The recent study, published in Proceedings of the Royal Society, found a link between penis bone length, promiscuity, and sex duration. Some species have longer penis bones because they engage in “prolonged intromission,” which means the act of penetration lasts for more than three minutes. Longer intromission times are more common among polygamous mating species, where multiple males mate with multiple females, like bonobos and chimps. This mating system creates an intense competition for fertilization, and reduces a female’s access to more mates by having males spend more time having sex with them, according to the study.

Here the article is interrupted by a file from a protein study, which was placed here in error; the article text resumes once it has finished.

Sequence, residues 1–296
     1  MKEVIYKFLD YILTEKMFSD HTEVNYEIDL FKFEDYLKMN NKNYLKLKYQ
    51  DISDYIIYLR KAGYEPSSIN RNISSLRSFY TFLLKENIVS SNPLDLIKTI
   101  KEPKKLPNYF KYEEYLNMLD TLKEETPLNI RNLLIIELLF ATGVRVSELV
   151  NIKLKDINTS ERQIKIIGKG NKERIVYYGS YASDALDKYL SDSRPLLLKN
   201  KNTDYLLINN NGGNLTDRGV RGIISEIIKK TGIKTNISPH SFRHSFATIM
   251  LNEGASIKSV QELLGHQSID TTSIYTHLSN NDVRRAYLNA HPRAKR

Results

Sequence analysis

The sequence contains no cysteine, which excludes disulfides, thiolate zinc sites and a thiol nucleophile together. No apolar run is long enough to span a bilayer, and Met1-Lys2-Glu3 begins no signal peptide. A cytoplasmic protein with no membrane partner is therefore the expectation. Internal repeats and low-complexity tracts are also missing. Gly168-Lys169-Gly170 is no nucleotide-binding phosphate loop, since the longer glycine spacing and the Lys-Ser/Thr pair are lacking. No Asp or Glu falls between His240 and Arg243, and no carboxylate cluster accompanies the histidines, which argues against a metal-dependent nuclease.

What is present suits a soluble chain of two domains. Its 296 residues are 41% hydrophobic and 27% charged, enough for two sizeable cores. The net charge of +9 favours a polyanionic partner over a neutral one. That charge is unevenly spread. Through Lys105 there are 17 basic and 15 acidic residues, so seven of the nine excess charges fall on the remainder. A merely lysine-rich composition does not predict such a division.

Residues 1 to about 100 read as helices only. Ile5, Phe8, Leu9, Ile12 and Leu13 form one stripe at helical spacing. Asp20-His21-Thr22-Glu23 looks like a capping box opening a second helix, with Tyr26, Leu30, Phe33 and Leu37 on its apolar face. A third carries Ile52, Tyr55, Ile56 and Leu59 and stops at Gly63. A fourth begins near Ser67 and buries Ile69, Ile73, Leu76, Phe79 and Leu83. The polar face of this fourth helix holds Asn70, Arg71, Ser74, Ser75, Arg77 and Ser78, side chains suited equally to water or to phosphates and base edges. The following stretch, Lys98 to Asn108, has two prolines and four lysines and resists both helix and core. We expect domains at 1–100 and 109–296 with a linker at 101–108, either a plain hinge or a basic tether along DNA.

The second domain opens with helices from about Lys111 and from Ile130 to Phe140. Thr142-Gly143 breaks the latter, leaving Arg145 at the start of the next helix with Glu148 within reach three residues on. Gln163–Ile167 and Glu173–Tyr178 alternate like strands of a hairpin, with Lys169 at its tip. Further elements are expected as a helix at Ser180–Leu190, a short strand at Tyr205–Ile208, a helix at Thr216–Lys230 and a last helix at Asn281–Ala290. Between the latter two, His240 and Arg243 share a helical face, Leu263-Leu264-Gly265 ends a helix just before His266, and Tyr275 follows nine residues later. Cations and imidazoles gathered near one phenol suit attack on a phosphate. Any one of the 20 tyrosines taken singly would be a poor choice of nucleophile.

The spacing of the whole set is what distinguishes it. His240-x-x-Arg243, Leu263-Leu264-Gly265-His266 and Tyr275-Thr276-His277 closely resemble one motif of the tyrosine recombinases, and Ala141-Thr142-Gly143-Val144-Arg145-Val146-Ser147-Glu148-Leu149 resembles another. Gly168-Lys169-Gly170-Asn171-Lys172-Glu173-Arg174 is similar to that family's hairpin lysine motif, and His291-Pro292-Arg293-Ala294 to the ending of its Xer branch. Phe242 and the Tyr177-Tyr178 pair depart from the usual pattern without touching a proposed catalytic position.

The penis bone is attached at the tip of the penis rather than the base to provide structural support for animals who do prolonged intromission, and to keep the urethra open.

The researchers believe humans lost their penis bones when monogamy became a dominant reproductive strategy about 1.9 million years ago.

“We think that is when the human baculum would have disappeared because the mating system changed at that point,” Kit Opie, a co-author of the study at University College London, told The Guardian.

Opie and his colleague Miranda Brindle believe the male does not need to spend a long time penetrating the female since she is not likely to be leapt by other amorous males. Therefore, the reduction of competition for mates means humans are less likely to need a penis bone. Opie adds, despite popular belief, humans do not generally need longer than three minutes to get the job done, and successfully impregnate a woman.